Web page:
This gives you a good view of the entire funnel, not just what goes in and what comes out. You need to create scoring models for each stage, so leads move through the waterfall only if certain actions have been completed. Meagen points out that at MongoDB, she used to use MQL for measuring success but moved up to SAL because it matters more. Make sure sales has an easy way to prioritize leads based on scoring data. Marketing platforms like Eloqua, HubSpot, Marketo and Pardot or even Salesforce can help you automate the process. At the same time, consider if your sales team works out of your CMS and how do they fit in the process. Keep things efficient, and the process will streamline.
Standardize your campaigns
Be specific and assign distinct labels to sources. Sales, marketing, or partner are vague terms that won't help monitor your campaigns effectively. Meagen points out that her Head of Field Marketing runs 300 events a year — each event is a different source that needs to be earmarked accordingly. The same thing goes for things like demos or whitepapers. Create a standard that earmarks sources correctly and gives you accurate reporting.
Optimize the funnel through nurture.
Meagen talks about how more than 70 nurture programs helped MongoDB cover more than 200,000 leads a quarter.
Nurture programs offer personalized content for leads at each stage of the buying cycle. Take into account things like their browser language, title and industry to send the right type of content. Meagen points out, “If you're in sales ops, you're not going to get HR content and vice versa. If I start sending you HR content, you're like, this company is not for me. It's an HR solution."
Personalization helps you accurately define a lead and shorten the sales cycle. All of this is automated, so you also save a lot of time and resources. One thing to keep in mind is that the nurture program has to fit the user journey. When they change course, like sign up for a trial, you have to change their nurture program accordingly.
There are also programs for leads lost to competitors. Follow up in 6 or 12 months with a gentle reminder and ask how things are going with the solution they chose. From her experience, Meagen tells us that people do come back and engage with these emails because they didn't make the right choice the first time around or the competitor didn't offer a good enough experience.
Retention can also be improved through nurture. MongoDB has an annual conference, communities, Q&As online and different types of events that cover the post-sale cycle and help the sales team.
Putting the time in so you understand the technical aspects of the process will pay off substantially in the long run. Know the process of your CRM and understand the flow of the marketing and sales waterfall. Create scoring models for leads at each stage and take the reins of the entire process. Standardize your sources to create better reports and build nurture programs that keep leads engaged through this entire process. Add them all up for a better process that gets you more leads.
Measuring success and doing so without any money
To know if you're successful, you have to define your success metrics. Do you know what's working and what's not? It's not just about closing the deal but also about improving success throughout the funnel. You have to define what a win means for you in each stage. This could be:
Click-through rates and open rates to improve the way you're sending email responses
Shortened sales cycles
Higher-quality leads served to your sales team
Conversion from free to paying in a freemium model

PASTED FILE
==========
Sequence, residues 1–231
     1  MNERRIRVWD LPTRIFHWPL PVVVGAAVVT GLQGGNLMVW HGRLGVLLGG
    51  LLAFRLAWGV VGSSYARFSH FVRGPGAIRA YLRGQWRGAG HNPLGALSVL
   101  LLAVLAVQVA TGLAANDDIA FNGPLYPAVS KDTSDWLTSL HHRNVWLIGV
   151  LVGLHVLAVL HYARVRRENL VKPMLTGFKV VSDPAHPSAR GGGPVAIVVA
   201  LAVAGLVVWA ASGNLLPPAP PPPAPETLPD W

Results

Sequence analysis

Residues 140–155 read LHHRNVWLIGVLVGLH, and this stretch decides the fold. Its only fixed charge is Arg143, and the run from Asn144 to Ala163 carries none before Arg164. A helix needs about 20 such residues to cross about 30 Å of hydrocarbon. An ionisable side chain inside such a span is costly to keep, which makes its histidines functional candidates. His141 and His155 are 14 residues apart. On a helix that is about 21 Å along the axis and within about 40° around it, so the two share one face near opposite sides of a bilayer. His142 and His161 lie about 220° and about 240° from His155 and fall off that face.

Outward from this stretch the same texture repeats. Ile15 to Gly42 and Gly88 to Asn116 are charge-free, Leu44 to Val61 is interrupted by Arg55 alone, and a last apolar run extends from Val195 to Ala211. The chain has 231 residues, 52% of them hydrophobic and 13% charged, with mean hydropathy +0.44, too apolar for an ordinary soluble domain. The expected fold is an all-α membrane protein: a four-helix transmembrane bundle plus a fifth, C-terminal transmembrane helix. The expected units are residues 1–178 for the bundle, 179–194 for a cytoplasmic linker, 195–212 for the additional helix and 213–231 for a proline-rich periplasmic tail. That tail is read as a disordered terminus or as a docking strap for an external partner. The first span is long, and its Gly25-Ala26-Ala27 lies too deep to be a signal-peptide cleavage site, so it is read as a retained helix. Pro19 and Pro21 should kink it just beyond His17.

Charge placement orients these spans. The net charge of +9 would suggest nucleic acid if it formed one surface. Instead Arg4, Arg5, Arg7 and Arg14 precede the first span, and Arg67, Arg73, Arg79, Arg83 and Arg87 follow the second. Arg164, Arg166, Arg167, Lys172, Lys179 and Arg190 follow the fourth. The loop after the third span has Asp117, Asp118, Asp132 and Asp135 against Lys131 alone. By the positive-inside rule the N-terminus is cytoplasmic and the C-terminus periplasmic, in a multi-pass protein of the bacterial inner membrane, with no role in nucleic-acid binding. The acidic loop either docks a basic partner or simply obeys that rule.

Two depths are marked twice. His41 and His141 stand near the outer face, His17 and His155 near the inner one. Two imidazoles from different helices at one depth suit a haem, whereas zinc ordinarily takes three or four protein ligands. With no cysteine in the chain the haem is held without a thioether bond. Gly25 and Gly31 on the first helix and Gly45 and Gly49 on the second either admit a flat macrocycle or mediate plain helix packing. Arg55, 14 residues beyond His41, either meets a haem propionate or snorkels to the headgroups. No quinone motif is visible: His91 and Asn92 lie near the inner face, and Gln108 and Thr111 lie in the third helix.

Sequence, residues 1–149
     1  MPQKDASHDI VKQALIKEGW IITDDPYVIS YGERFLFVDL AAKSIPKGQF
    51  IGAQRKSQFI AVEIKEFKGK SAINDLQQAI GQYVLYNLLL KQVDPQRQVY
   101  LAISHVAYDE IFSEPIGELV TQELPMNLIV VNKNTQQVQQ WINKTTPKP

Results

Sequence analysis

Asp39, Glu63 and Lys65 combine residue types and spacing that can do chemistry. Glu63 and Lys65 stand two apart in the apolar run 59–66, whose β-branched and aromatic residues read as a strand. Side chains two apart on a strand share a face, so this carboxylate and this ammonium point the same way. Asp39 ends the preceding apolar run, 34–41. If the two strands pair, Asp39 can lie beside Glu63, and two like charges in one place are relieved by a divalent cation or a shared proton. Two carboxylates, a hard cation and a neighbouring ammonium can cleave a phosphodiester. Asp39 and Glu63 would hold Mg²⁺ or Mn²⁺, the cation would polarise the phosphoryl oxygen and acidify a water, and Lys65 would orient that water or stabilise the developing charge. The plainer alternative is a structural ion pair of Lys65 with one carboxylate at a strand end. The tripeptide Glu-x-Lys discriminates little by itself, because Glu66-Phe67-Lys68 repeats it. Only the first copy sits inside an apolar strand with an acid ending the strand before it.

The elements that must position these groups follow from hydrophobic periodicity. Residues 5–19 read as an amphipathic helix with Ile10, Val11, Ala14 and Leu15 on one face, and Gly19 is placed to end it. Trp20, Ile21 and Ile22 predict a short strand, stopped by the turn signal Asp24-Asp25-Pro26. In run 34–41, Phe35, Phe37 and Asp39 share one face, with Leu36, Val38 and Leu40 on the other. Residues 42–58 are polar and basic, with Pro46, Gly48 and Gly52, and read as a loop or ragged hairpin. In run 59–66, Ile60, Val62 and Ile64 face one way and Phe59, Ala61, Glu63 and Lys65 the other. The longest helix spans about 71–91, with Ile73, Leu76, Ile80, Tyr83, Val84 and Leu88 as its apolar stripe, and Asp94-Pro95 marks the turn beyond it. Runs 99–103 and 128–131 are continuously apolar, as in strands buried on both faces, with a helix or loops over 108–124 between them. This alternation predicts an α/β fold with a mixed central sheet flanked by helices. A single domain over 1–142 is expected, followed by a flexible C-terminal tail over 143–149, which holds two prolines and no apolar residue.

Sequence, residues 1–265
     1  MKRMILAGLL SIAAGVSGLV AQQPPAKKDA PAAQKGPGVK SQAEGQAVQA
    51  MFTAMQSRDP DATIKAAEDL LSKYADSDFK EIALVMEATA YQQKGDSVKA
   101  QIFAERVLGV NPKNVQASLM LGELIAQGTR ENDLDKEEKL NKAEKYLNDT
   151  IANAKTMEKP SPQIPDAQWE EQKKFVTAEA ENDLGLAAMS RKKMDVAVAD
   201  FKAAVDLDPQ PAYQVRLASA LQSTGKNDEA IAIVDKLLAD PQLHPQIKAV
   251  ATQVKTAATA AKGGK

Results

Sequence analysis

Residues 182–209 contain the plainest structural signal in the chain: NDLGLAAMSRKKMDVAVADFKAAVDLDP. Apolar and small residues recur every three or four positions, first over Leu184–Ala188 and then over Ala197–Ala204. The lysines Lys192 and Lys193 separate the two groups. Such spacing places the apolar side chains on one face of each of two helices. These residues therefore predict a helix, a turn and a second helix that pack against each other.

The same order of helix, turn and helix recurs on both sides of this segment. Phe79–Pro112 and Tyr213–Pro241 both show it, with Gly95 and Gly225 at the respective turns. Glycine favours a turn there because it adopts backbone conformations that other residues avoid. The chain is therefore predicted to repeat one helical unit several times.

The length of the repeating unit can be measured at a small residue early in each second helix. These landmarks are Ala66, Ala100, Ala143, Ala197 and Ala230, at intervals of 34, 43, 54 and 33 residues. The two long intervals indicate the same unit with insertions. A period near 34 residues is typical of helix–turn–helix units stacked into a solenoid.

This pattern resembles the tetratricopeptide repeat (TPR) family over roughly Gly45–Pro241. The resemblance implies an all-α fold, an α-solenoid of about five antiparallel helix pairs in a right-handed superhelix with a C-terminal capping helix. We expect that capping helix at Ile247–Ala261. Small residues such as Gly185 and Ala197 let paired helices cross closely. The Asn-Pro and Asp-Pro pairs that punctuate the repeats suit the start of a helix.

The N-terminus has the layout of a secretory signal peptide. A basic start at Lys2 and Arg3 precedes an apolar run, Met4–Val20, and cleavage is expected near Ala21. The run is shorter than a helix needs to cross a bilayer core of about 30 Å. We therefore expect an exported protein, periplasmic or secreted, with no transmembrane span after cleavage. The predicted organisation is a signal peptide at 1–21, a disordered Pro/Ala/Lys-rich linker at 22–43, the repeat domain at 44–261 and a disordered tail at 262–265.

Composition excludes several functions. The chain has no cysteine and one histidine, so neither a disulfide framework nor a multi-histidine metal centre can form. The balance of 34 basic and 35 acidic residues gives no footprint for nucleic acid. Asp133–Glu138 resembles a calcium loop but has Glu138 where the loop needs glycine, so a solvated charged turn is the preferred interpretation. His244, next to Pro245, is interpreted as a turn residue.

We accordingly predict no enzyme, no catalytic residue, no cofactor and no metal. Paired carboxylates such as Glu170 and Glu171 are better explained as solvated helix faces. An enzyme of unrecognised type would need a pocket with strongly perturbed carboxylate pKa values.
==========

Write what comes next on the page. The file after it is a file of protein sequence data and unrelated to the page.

Keep in mind your ultimate metric — getting more business — but be aware of all the metrics that show the results of each stage of the process. Tweak things and increase success at each step.
And what if you only have $10k a month?
If you think you can't get things done with a small budget, Meagen has a few suggestions. Use social media and influencers as much as you can. Reach out to people who have a large audience and see if they can give you a quick tweet about your product. Without a lot of money, you have to be creative, and that's a good thing because you get to try different things.
“Be creative. That's the fun part, actually it's more fun, I find, to work with a lot of startups because they don't have a lot of money and they're figuring out these really creative ways to get in front of really large audiences,” says Meagen .
She tells us how at DocuSign she offered the Western sales rep of SiriusDecisions, an influencer for sales op, a free account in DocuSign to help them learn about the product. In exchange, she got a license for SiriusDecisions. These quid pro quos help things move forward for free.
You can move the needle even when you're on a budget. Be creative and find free ways to promote your product by reaching out to influencers, writers, and companies with quid pro quo deals. Use your time, if you don't have the money.
Improve the process and you will get better results
This entire process is meant to bring you more leads, but that's just the end game win. Continual insights allow you to see what works and what doesn't every single week. The nurture programs that you will be implementing will make the funnel more efficient and will help your sales team get a conversion much easier. Meagen tells us that when she joined DocuSign, they had zero nurture programs; when she left, they had more than 100, and that showed in the bottom line.
Conversions will increase because you're making things much easier for your leads throughout the entire process. Serving the right content and the right experience means people will get through the funnel faster. You will also be able to understand your leads more and know who will and won't convert.
By Patrick Campbell
Founder & CEO of ProfitWell, the software for helping subscription companies with their monetization and retention strategies, as well as providing free turnkey subscription financial metrics for over 20,000 companies. Prior to ProfitWell Patrick led Strategic Initiatives for Boston-based Gemvara and was an Economist at Google and the US Intelligence community.